Annual review of the ending of free movement in the United Kingdom

Part of Immigration and Social Security Co-ordination (EU Withdrawal) Bill – in a Public Bill Committee am 2:00 pm ar 5 Mawrth 2019.

Danfonwch hysbysiad imi am ddadleuon fel hyn

Photo of Alison McGovern Alison McGovern Chair, Speaker's Advisory Committee on Works of Art, Chair, Speaker's Advisory Committee on Works of Art 2:00, 5 Mawrth 2019

Of course it does. I use the broad sweeping terms of arts and culture, but each of the composite parts of the British arts and cultural industry will have its own specific problems. It is easy for us to ignore it, but for a theatre producer who is looking to tour with a dance company, the ending of free movement will be highly significant.

That is even before we get to science-based industries. We have all received many representations from science-based industries that spin out of research programmes that are connected not just to EU funding, but to scientists’ ability to work easily across the continent of Europe. The Government say that they wish to support science and technology, because it is the British way to improve our economy by inventing new things—we are, of course, the home of the computer. However, free movement is an integral part of that, and it has offered the science-based industries a great ability to draw staff in from among the best in Europe, wherever they are.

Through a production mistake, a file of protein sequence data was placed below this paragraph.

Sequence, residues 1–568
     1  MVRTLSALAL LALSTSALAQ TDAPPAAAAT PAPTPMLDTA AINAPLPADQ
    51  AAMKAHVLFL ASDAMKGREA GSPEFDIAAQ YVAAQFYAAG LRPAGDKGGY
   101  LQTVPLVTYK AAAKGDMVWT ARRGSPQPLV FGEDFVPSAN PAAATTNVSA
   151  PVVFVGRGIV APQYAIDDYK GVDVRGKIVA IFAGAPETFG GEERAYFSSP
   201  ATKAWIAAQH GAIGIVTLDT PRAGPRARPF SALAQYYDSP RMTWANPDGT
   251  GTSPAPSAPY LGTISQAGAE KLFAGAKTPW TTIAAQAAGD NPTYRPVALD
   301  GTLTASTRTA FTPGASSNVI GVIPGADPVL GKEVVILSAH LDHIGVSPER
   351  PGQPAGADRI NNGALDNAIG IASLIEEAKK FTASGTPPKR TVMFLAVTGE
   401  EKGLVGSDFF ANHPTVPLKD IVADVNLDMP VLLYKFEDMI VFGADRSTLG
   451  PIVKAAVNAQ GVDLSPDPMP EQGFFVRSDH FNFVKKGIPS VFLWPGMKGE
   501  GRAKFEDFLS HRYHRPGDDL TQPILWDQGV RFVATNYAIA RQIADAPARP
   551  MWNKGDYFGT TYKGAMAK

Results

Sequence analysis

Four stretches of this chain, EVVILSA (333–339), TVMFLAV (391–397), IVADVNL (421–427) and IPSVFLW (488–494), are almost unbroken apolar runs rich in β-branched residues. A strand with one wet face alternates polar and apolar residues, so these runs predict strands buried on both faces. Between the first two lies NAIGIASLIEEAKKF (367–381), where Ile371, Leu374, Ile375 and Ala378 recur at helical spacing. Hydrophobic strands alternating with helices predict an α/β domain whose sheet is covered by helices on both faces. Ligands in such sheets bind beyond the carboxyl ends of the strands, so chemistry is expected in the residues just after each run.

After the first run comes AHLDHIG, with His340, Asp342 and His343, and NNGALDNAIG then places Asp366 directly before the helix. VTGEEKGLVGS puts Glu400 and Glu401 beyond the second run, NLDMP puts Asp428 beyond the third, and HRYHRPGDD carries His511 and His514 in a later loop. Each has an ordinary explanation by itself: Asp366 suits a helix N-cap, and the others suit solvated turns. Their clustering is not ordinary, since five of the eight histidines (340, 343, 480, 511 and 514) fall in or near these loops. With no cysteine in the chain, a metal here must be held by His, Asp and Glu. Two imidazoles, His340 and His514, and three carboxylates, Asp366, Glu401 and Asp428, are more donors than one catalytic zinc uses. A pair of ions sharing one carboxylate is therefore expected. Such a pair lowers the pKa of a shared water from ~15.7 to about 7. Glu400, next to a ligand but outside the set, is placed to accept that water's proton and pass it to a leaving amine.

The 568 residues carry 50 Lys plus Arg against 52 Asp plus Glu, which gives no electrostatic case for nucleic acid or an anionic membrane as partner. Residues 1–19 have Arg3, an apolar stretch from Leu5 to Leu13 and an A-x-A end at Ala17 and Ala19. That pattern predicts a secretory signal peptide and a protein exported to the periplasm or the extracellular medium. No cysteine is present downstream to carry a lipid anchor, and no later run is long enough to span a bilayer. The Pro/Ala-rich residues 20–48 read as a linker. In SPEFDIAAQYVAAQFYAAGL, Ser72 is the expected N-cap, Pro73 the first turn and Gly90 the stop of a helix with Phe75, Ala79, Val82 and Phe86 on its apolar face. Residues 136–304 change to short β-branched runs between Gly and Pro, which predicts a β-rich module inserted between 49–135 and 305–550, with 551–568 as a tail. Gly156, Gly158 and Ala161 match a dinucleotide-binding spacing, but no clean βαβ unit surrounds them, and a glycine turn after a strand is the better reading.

Finally, we ought to consider, and the Government ought to monitor, the policy’s impact on manufacturing. The Government have argued that their policy on Brexit—specifically, ending free movement and coming out of the single market—will somehow support manufacturing. UK citizens who work in manufacturing often want to grow their skills and see, understand and manage manufacturing plants across the continent of Europe. They want to understand how things are done differently elsewhere and bring those skills back to Britain. To ignore the barrier to future manufacturing prosperity that the policy will create is to ignore an important impact of the ending of free movement.

We know far too little about the impact of immigration on our local economies. There is no evidence of a statistically significant relationship between EU immigration and employment rates or wages. We do not have enough evidence about the impact of those things on local economies, despite the political rhetoric. The Government have a duty to do better, and I hope the Minister will support my suggestion.